Erie community college backer reaches out to Rural Regional College
This article was originally written by Kevin Flowers and posted on GoErie.com on January 8, 2017.
The nonprofit behind efforts to create an Erie County community college has reached out to officials affiliated with the Rural Regional College of Northwestern Pennsylvania to explore the potential for collaboration between the two if the community college becomes a reality.
Erie lawyer Ron DiNicola, the president and chairman of Empower Erie, and Duane Vicini, the Rural Regional College's project executive, said officials from both groups have met to share information and talk about how the two schools might work together to benefit the region.
The Rural Regional College, which could start operating as early as this fall, was approved by the Pennsylvania Legislature in 2014.
It will offer courses via live interactive technology, and professors will interact with students in classrooms and on screen from sites throughout the region, including six sites proposed in Erie County.
The school will serve Erie, Crawford, Warren, Venango, Cameron, Elk, Forest, McKean and Potter counties. Erie County was added to the list at the request of local leaders, including then-state Sen. Sean Wiley, who co-sponsored the authorizing legislation.
The Rural Regional College is designed to serve a region where there is no other community college, Vicini said.
DiNicola, however, said Empower Erie is "very interested in collaboration and finding ways to work with the rural college" on things like curriculum as the group forges its plan.
Erie County Council on Dec. 21 signed off on allocating $60,000 to study whether creating an Erie County community college is feasible. Previous efforts to organize a local community college failed for lack of a prime financial sponsor.
Empower Erie plans to hire a consulting firm familiar with community colleges to conduct the state-required feasibility study that will look at possible locations for the school; staffing requirements; community needs; accreditation; funding sources, and other factors.
The nonprofit's plan has support from the Erie Community Foundation, the Erie County Gaming Revenue Authority and the Susan Hirt Hagen Fund for Transformational Philanthropy, which have contributed $300,000 toward the effort.
The Hagen Fund and ECGRA have promised an additional $3.7 million if Erie County Council ultimately votes to create a community college.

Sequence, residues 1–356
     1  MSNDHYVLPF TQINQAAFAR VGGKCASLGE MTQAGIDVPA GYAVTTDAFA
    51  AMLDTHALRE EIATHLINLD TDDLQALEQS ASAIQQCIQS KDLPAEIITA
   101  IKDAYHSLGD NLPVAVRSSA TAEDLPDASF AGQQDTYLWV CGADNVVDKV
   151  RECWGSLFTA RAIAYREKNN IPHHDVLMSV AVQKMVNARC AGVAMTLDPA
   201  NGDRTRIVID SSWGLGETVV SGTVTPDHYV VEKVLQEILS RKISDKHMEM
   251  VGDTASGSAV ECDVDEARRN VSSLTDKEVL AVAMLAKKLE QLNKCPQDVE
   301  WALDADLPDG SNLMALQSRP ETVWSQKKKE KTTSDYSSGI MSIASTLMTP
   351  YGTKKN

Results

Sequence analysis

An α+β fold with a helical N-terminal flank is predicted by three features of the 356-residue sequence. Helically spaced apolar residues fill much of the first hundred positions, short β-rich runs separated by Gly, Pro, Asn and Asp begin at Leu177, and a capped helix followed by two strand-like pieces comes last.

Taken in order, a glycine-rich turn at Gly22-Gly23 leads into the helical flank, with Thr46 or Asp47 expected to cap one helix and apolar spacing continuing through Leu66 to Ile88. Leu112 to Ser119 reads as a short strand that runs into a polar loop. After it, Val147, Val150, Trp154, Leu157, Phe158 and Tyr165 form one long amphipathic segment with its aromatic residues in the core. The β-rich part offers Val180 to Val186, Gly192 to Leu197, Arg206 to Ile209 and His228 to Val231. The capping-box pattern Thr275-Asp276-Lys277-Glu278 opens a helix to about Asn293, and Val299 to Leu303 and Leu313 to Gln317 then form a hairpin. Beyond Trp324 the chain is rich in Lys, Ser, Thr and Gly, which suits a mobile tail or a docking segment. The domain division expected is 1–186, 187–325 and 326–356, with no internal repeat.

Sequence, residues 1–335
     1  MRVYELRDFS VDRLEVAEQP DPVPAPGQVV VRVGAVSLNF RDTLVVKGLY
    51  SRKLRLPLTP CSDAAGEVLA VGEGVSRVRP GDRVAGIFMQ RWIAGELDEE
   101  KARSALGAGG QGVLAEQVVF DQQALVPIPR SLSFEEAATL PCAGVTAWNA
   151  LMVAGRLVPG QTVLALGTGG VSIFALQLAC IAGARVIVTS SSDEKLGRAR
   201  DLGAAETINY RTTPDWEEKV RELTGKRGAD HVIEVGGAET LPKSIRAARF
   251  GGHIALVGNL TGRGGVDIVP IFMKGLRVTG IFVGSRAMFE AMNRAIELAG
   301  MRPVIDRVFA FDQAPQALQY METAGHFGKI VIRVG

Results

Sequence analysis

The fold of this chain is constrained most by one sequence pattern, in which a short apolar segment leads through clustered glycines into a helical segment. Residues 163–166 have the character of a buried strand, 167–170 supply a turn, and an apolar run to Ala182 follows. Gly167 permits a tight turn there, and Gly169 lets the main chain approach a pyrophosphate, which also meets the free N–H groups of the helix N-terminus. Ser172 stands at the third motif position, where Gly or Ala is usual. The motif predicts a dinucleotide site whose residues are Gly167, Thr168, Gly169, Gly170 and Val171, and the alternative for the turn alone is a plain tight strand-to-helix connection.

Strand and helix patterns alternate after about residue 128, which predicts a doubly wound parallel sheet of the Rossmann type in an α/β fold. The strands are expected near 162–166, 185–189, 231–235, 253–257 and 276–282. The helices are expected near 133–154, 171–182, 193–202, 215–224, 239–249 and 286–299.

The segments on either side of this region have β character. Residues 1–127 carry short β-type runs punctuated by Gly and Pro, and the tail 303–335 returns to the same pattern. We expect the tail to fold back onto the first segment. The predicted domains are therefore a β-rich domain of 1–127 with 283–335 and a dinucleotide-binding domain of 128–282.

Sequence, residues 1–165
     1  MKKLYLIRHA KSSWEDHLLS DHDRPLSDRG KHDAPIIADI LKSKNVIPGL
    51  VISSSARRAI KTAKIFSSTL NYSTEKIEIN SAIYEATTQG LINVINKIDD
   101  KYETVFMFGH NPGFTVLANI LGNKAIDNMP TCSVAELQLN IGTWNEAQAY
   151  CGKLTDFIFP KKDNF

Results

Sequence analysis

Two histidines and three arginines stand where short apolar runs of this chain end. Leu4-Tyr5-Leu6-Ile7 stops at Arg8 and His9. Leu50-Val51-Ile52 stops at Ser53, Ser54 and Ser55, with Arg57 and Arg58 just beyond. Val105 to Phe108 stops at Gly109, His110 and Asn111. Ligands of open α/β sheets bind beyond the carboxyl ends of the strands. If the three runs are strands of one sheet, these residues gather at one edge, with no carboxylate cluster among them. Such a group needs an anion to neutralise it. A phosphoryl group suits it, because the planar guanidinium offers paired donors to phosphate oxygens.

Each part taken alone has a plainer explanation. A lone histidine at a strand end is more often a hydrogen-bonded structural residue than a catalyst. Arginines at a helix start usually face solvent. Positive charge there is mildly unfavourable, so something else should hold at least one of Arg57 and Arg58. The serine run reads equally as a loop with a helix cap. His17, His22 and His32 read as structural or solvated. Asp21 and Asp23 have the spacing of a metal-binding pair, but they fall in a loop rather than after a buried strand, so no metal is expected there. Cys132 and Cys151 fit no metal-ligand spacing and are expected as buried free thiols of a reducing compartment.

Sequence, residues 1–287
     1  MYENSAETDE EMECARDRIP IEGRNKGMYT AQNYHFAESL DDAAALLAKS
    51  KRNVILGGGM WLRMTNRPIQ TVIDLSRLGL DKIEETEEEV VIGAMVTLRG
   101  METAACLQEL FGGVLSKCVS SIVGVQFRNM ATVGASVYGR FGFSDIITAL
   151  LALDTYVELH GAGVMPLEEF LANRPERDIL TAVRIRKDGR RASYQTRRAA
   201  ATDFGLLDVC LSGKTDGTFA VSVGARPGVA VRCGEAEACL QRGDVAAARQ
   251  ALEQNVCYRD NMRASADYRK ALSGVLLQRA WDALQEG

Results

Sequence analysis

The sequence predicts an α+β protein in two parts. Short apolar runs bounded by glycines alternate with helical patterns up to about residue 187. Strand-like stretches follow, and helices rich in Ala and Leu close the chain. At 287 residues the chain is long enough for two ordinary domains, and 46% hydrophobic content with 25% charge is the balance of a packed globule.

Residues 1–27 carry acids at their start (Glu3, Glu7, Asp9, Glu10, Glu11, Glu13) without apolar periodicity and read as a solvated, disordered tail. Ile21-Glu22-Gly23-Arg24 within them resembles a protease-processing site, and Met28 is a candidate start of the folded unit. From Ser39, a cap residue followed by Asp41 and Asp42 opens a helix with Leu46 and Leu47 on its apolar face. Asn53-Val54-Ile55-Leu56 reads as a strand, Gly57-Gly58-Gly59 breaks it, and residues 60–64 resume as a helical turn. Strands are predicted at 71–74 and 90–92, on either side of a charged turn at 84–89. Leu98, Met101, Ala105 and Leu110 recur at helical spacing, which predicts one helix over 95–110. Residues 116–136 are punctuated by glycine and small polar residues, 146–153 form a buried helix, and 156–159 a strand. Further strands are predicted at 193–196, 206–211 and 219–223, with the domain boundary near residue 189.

DiNicola said it is important to work with the Rural Regional College because the goal of both entities is the same — improved access to affordable education across the region and creating programs that meet the needs of the community at large and local businesses.
DiNicola stressed that Empower Erie's intent is not to compete with the Rural Community College or any other postsecondary school.
"We do not view establishment of a community college as a zero-sum game," DiNicola said. "I think that was one of the pitfalls of the previous (community college) effort. We want to have an open dialogue with the other institutions. We know there are things that the rural college can bring to the region that are significant and important."
Vicini said he expects conversations between Rural Regional College officials and Empower Erie to continue. The groups first met in November at the Erie Community Foundation.
DiNicola and Erie County Councilman Andre Horton, an Erie County community college supporter, attended that meeting.
"We will talk with all institutions that can possibly come together for the betterment of the population. We'll always be agreeable to that," Vicini said.
The Rural Regional College proposes offering courses at the Erie County Technical School in Summit Township; the Corry Higher Education Council and Corry Area School District; Central Career and Technical School, Erie; Harbor Creek School District, and Girard School District.
Courses to be offered will include general education subjects and career training. In a recent survey, potential students, employers and others listed course interests including health sciences; science, technology, engineering and math; human services; manufacturing; architecture; construction; agriculture; food, and natural resources.
The rural college is reviewing applications and hopes to hire a president by the end of February.
The community college feasibility study and a strategic plan for launching the school could be completed by the end of June. Empower Erie has hired Roy A. Church, retired president of Lorain County Community College, near Cleveland, to help develop its plans.
"The community college role is to be a collaborator with whatever other entities are involved in meeting the needs of the community," Church said. "Create synergy that meets the most need in a cost effective way. ... It's not a competitive model. It's a collaborative model."
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